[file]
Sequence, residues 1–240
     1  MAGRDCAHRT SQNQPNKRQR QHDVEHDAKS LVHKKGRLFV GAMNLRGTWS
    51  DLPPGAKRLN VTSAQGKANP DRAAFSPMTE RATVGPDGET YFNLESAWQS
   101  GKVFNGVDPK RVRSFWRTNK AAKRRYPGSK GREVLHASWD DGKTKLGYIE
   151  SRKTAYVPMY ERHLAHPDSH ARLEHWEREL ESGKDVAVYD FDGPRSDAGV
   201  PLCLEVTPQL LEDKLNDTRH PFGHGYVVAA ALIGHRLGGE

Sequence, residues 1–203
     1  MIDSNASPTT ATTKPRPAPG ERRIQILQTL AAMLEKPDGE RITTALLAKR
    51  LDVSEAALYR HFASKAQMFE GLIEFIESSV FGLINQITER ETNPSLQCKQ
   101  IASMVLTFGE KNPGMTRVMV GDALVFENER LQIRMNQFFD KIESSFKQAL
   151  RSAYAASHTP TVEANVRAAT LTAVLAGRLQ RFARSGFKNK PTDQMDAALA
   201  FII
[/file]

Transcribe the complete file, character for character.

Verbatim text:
Sequence, residues 1–240
     1  MAGRDCAHRT SQNQPNKRQR QHDVEHDAKS LVHKKGRLFV GAMNLRGTWS
    51  DLPPGAKRLN VTSAQGKANP DRAAFSPMTE RATVGPDGET YFNLESAWQS
   101  GKVFNGVDPK RVRSFWRTNK AAKRRYPGSK GREVLHASWD DGKTKLGYIE
   151  SRKTAYVPMY ERHLAHPDSH ARLEHWEREL ESGKDVAVYD FDGPRSDAGV
   201  PLCLEVTPQL LEDKLNDTRH PFGHGYVVAA ALIGHRLGGE

Sequence, residues 1–203
     1  MIDSNASPTT ATTKPRPAPG ERRIQILQTL AAMLEKPDGE RITTALLAKR
    51  LDVSEAALYR HFASKAQMFE GLIEFIESSV FGLINQITER ETNPSLQCKQ
   101  IASMVLTFGE KNPGMTRVMV GDALVFENER LQIRMNQFFD KIESSFKQAL
   151  RSAYAASHTP TVEANVRAAT LTAVLAGRLQ RFARSGFKNK PTDQMDAALA
   201  FII